Written by Jason Morris on Thursday December 14, 2017
Sounds like a silly question to ask, doesn’t it? But, as the saying goes, there’s no such thing as a silly question.
My reason for asking – as part of our Advent Sunday insight series, which is focusing on the topic of know your customer (KYC) – is simply to highlight the vital role that the KYC analyst plays in the compliance function. Before I get into the specifics of the role, however, let me first explain some of the reasons why KYC matters so much.
The fact is that by verifying customers’ identities and intentions, and then understanding their transaction patterns, banks and other financial institutions are able to more accurately pinpoint suspicious activities. Money laundering and terrorist financing often relies on anonymously opened accounts, and the increasingly effective KYC analysis carried out has led to increased reporting of suspicious transactions. This doesn’t necessarily mean there’s more bad activity out there; we’re just better at detecting it now than we ever were before.
Additionally, the fact that regulations are becoming increasingly stricter, means that an effective KYC process is even more important. In this regard, FinTech companies are helping by collating big data, which helps financial institutions identify data that is much more accurate, meaning they’re in a much better position to comply with the regulations.
So, let’s now look at the role itself: what exactly is required of a KYC analyst? What are the specific duties and responsibilities that make up this key compliance function?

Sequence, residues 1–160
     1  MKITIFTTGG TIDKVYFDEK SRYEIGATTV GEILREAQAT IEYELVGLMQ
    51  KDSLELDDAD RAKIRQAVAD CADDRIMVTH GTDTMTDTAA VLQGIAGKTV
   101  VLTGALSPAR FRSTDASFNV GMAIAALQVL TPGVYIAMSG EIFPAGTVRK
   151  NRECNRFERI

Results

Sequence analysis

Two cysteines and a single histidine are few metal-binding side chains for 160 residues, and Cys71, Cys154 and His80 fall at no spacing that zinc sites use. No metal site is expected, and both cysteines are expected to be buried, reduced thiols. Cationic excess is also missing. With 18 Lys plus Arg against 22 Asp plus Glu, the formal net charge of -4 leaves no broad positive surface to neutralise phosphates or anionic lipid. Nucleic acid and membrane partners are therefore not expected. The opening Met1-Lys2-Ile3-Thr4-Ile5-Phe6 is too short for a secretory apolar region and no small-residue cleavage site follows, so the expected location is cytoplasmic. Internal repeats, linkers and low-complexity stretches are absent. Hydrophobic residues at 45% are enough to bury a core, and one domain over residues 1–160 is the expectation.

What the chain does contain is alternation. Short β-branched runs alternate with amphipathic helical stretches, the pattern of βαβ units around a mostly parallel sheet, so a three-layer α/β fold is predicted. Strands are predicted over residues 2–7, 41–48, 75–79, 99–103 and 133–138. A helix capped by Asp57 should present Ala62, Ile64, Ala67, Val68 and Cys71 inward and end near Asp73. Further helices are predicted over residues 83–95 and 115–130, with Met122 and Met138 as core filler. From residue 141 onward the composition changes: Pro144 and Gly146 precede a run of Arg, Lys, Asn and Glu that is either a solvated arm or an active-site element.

A KYC analyst primarily reviews documentation for new customer accounts, evaluates high-risk accounts and analyses new customer processes and policies. They also study market trends and observe customer behaviour patterns within their organisation. In addition, KYC analysts can also be involved in reviewing new product proposals and analysing risk and compliance issues relating to these products.
KYC analysts work primarily for banks or other financial institutions, though they can be employed in other types of businesses, such as manufacturing, technology or consulting firms. Their duties and responsibilities include:
KYC analysts conduct research to verify information on new account documents. They also ensure that new account holders are not high-risk customers and do not have restrictions or negative activities that would impact their opening of a new account.
A KYC analyst typically analyses existing policies and procedures relating to new customer research and account analysis to ensure compliance and make suggestions for improvements to these processes. They are often involved in generating reports covering the findings of these and will meet with senior management staff to review existing and proposed procedures.
By watching sales and market trends and observing customer behaviour, a KYC analyst can make decisions and suggestions in the areas of marketing, product development and customer satisfaction. They will meet regularly with those in marketing, production and customer service to report these trends and seek ways to improve the customer experience and draw new clients to the company.
In an occupation that involves data analysis and research and the reporting of the findings and observations resulting from these processes, it is important that the KYC analyst possesses strong verbal and written communication skills. It is also vital that they have above-average decision-making, time management and organisational skills. They should have knowledge of project management and team-building processes and be familiar with various research methodologies and resources. A KYC analyst must also be a detail-oriented multi-tasker who can work with little supervision. In addition, an understanding of risk and compliance is key. Being able to make accurate reports reflecting the risk analysis of new customers and compliance with internal and external policies and procedures relating to analysis procedures is vital to the role.
Maybe you already work as a KYC analyst, or maybe it’s an area you’re interested in moving into. Either way, I hope this has provided some insight and reassurance into a role that plays a crucial part in managing customer risk.
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